Although ext2 is faster, I don't think it is fast enough to satisfy the downside of running a non journaled filesystem (long fsck times). What happens when we access both /data1 and /data2 at the same time. /data1 and /data2 using separate processes
           Children see throughput for 1 random writers 	=   93932.16 KB/sec
    	Parent sees throughput for 1 random writers 	=   93909.48 KB/sec
    	Min throughput per process 			=   93932.16 KB/sec 
    	Max throughput per process 			=   93932.16 KB/sec
    	Avg throughput per process 			=   93932.16 KB/sec
           
           Children see throughput for 1 random writers 	=  105375.49 KB/sec
    	Parent sees throughput for 1 random writers 	=  105292.74 KB/sec
    	Min throughput per process 			=  105375.49 KB/sec 
    	Max throughput per process 			=  105375.49 KB/sec
    	Avg throughput per process 			=  105375.49 KB/sec
    
    I am not actually buying these numbers. The reason is as I monitored multiple thread results and how they interacted with each processor, whether I was running two processes separately or a single process over multiple threads, processor utilization was never correctly aggregated. I think this a failure of the benchmark software. In theory I should see almost identical results for a single arrray as the dual arrays. In an effort to get more accurate results across not only the arrays but the availability of processors I wrote a quick script. The script fires the benchmark software as four independent processes each with a single writer. I then executed that script on /data1 and /data2 simultaneously. This allowed us to have much better utilization of all processors and also gave us a more accurate representation of the peformance as a whole. ext3 data=writeback, /data1 and /data2, four threads each
    	Children see throughput for 1 random writers 	=   50916.17 KB/sec
    	Parent sees throughput for 1 random writers 	=   50909.04 KB/sec
    	Min throughput per process 			=   50916.17 KB/sec 
    	Max throughput per process 			=   50916.17 KB/sec
    	Avg throughput per process 			=   50916.17 KB/sec
    
    	Children see throughput for 1 random writers 	=   51021.88 KB/sec
    	Parent sees throughput for 1 random writers 	=   51013.58 KB/sec
    	Min throughput per process 			=   51021.88 KB/sec 
    	Max throughput per process 			=   51021.88 KB/sec
    	Avg throughput per process 			=   51021.88 KB/sec
    
            Children see throughput for 1 random writers 	=   51048.78 KB/sec
    	Parent sees throughput for 1 random writers 	=   51040.33 KB/sec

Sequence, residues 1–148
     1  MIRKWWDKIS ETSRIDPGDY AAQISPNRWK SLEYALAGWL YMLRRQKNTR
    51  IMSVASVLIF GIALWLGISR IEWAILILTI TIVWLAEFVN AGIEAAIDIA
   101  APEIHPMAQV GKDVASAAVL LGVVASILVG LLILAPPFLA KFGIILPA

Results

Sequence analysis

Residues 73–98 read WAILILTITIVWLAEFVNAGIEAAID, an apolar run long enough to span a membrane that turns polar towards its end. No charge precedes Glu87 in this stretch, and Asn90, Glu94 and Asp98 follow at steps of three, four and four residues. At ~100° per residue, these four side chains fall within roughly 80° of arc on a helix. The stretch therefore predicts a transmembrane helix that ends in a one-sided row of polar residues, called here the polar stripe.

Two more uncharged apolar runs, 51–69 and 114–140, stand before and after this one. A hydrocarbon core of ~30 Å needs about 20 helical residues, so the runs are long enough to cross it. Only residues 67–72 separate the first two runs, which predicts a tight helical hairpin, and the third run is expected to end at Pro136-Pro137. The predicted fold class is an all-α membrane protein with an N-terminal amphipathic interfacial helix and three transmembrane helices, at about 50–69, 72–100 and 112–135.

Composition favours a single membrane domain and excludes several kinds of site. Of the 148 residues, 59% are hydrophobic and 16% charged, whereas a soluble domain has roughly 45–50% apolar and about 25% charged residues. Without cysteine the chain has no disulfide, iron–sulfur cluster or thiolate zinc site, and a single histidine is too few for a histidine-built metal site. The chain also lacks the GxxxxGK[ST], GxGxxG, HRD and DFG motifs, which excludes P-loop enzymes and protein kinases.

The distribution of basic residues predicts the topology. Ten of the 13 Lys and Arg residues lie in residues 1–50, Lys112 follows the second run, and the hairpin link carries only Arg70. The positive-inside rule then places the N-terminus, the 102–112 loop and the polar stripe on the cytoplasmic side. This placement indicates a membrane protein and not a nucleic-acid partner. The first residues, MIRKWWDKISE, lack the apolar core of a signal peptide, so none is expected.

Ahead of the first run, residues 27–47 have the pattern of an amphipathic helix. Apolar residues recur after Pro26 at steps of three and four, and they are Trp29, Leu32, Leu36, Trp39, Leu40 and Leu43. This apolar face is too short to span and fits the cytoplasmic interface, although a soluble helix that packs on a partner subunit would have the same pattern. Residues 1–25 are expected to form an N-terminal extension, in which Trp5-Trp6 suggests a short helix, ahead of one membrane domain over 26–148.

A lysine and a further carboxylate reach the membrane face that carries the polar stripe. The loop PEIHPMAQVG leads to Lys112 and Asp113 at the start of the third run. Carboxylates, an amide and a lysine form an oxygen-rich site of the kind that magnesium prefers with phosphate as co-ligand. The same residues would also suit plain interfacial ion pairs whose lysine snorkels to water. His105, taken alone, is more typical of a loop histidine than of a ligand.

Min throughput per process 			=   51048.78 KB/sec 
    	Max throughput per process 			=   51048.78 KB/sec
    	Avg throughput per process 			=   51048.78 KB/sec
    
    	Children see throughput for 1 random writers 	=   50755.62 KB/sec
    	Parent sees throughput for 1 random writers 	=   50746.71 KB/sec
    	Min throughput per process 			=   50755.62 KB/sec 
    	Max throughput per process 			=   50755.62 KB/sec
    	Avg throughput per process 			=   50755.62 KB/sec
    
    /data2:
    
    	Children see throughput for 1 random writers 	=   49711.77 KB/sec
    	Parent sees throughput for 1 random writers 	=   49704.75 KB/sec
    	Min throughput per process 			=   49711.77 KB/sec 
    	Max throughput per process 			=   49711.77 KB/sec
    	Avg throughput per process 			=   49711.77 KB/sec
    
    	Children see throughput for 1 random writers 	=   49708.98 KB/sec
    	Parent sees throughput for 1 random writers 	=   49695.55 KB/sec
    	Min throughput per process 			=   49708.98 KB/sec 
    	Max throughput per process 			=   49708.98 KB/sec
    	Avg throughput per process 			=   49708.98 KB/sec
    
    	Children see throughput for 1 random writers 	=   49713.46 KB/sec
    	Parent sees throughput for 1 random writers 	=   49691.86 KB/sec
    	Min throughput per process 			=   49713.46 KB/sec 
    	Max throughput per process 			=   49713.46 KB/sec
    	Avg throughput per process 			=   49713.46 KB/sec
    
    	Children see throughput for 1 random writers 	=   49707.78 KB/sec
    	Parent sees throughput for 1 random writers 	=   49699.04 KB/sec
    	Min throughput per process 			=   49707.78 KB/sec 
    	Max throughput per process 			=   49707.78 KB/sec
    	Avg throughput per process 			=   49707.78 KB/sec
    
    That is more like it... ~200MB/s. In seeing this improvement, I decided to run 8 threads per partition. I am only going to post one output but all of the threads had similar performance. The per thread performance went down but the aggregate performance for each partition was higher at ~ 280MB/s. Between the two arrays that is ~ 560MB/s.
    	Children see throughput for 1 random writers 	=   35403.08 KB/sec
    	Parent sees throughput for 1 random writers 	=   35398.90 KB/sec
    	Min throughput per process 			=   35403.08 KB/sec 
    	Max throughput per process 			=   35403.08 KB/sec
    	Avg throughput per process 			=   35403.08 KB/sec
    
    As a final note before I leave you to your regularly scheduled broadcasting, the I/O wait even with the 16 processes was moderate at a range of 10% - 20 %. Clearly there is more room on these arrays if I had more time.

    Categories: PostgreSQL, OpenSource